Registration of title to alienable land
"My family has been occupying a piece of land in our province for several decades now, which started from the early years of my grandfather. However, my parents told me that we cannot acquire and register the land in our names considering that the same is said to be a part of the public domain. I just want to know if it is true.
Please be informed of the provision of Section 14(1) of Presidential Decree (P.D.) No. 1529, otherwise known as the “Property Registration Decree,” which provides:“Section 14. Who may apply. The following persons may file in the proper Court of First Instance an application for registration of title to land, whether personally or through their duly authorized representatives:
(1) Those who by themselves or through their predecessors-in-interest have been in open, continuous, exclusive and notorious possession and occupation of alienable and disposable lands of the public domain under a bona fide claim of ownership since June 12, 1945, or earlier.xxx.” [Emphasis supplied]
Applying the abovementioned provision, it is clear that a land of the public domain may be the subject of land registration proceedings, provided that it is classified as alienable and disposable and that the same has been in the open, continuous, exclusive and notorious possession and occupation of the person/s (or through their predecessors-in-interest) who is/are applying for registration since June 12, 1945, or earlier. In Republic of the Philippines vs. Zurbaran Realty and Development Corporation (G.R. No. 164408, March 24, 2014, citing Heirs of Mario Malabanan vs. Republic, G.R. No. 179987, April 29, 2009), the Supreme Court, through Chief Justice Lucas P. Bersamin, enumerated the requirements for a valid land registration under Section 14(1) of P.D. No. 1529, viz:“An application for registration under Section14(1) of P.D. No. 1529 must establish the following requisites, namely: (a) the land is alienable and disposable property of the public domain (b) the applicant and its predecessors in interest have been in open, continuous, exclusive and notorious possession and occupation of the land under a bona fide claim of ownership and (c) the applicant and its predecessors-in-interest have possessed and occupied the land since June 12, 1945, or earlier.The Court has clarified in Malabanan that under Section 14(1), it is not necessary that the land must have been declared alienable and disposable as of June 12, 1945, or earlier, because the law simply requires the property sought to be registered to be alienable and disposable at the time the application for registration of title is filed. The high court has explained that a contrary interpretation would absurdly limit the application of the provision “to the point of virtual inutility.”This opinion is solely based on the facts you have narrated and our appreciation of the same. The opinion may vary when the facts are changed or further elaborated. We hope that we were able to enlighten you on the matter.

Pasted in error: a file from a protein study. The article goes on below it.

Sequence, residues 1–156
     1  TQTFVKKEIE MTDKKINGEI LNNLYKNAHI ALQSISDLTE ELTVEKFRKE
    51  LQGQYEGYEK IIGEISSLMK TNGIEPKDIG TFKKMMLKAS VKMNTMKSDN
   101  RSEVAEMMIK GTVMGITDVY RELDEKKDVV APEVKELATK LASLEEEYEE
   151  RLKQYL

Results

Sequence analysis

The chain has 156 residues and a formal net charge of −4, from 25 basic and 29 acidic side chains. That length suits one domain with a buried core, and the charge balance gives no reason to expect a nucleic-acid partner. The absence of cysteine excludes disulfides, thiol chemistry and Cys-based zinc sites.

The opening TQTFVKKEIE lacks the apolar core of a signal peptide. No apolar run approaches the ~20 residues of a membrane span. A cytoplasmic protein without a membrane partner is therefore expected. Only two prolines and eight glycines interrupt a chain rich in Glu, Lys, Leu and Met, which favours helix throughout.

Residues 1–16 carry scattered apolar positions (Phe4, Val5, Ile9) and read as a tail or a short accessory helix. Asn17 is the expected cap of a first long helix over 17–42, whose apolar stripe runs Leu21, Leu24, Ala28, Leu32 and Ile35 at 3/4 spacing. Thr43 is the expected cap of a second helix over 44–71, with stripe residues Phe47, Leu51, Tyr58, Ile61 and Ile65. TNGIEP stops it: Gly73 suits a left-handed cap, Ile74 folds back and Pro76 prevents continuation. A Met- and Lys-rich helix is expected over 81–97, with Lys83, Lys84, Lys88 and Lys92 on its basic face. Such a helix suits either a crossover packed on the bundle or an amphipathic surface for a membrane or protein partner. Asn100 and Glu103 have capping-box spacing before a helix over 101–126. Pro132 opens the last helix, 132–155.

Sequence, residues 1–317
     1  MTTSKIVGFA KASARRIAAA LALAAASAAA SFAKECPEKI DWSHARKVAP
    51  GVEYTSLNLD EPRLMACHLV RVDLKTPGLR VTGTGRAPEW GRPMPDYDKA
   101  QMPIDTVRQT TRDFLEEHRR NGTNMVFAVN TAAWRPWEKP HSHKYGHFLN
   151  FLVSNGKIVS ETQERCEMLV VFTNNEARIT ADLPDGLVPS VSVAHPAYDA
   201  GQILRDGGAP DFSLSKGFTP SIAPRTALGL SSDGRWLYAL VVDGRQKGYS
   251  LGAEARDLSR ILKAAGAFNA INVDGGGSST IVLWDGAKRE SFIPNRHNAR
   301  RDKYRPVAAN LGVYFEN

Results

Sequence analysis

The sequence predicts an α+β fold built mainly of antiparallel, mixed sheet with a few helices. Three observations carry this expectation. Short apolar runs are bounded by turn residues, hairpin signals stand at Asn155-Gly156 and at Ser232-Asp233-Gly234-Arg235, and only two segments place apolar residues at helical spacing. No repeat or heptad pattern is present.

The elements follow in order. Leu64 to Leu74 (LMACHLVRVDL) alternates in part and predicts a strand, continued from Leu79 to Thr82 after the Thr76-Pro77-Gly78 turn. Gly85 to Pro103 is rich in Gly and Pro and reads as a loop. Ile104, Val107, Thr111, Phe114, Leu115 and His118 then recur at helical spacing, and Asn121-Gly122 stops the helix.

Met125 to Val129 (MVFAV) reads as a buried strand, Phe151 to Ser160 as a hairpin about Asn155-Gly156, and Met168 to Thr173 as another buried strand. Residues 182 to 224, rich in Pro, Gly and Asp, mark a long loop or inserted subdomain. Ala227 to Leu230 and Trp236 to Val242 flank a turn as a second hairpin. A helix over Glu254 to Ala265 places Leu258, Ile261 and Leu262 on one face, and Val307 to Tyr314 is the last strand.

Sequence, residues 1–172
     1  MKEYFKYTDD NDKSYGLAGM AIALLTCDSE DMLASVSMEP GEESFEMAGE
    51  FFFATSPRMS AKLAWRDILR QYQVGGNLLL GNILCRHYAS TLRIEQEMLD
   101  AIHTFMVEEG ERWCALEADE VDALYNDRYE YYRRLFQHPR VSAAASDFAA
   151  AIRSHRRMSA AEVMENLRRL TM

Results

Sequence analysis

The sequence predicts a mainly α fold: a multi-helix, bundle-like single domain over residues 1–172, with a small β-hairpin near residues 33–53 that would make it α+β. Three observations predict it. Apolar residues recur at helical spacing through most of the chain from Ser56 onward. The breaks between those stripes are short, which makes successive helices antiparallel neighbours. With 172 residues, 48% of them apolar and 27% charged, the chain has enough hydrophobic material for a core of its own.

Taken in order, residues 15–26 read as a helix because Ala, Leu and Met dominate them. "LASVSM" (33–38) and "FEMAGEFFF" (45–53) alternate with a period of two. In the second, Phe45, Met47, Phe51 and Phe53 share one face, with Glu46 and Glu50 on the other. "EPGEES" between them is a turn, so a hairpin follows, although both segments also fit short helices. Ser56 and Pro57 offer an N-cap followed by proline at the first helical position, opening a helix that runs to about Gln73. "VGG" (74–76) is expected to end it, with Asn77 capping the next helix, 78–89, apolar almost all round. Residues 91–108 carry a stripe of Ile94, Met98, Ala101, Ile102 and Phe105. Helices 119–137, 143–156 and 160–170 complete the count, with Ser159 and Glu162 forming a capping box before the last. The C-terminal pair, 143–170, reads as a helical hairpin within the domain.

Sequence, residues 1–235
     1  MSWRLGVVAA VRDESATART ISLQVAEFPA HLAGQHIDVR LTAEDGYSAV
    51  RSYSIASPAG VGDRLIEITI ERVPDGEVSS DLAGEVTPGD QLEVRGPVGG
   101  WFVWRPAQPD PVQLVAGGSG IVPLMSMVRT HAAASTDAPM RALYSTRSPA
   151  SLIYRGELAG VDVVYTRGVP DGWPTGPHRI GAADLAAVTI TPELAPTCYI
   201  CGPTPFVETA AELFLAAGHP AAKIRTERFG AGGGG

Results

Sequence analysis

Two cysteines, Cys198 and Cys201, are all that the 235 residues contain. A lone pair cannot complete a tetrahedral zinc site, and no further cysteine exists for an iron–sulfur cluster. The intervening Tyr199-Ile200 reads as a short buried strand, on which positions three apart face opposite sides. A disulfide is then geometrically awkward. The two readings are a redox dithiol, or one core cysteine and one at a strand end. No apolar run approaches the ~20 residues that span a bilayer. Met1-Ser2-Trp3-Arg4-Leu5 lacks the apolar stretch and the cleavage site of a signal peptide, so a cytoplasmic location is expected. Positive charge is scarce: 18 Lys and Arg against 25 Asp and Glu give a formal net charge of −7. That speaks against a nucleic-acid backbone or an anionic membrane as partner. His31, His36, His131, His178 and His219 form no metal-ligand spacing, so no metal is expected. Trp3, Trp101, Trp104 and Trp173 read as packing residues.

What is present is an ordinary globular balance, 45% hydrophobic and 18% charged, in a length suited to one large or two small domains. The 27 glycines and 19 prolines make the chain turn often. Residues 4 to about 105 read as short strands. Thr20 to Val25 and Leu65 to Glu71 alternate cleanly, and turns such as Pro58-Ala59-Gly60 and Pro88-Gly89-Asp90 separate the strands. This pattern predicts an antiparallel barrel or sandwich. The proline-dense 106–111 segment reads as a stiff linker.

Editor’s note: Dear PAO is a daily column of the Public Attorney’s Office. Questions for Chief Acosta may be sent to "
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"Registration of title to alienable land"
was written by Mary
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comments. The article was created on 15 September 2021
and updated on 15 September 2021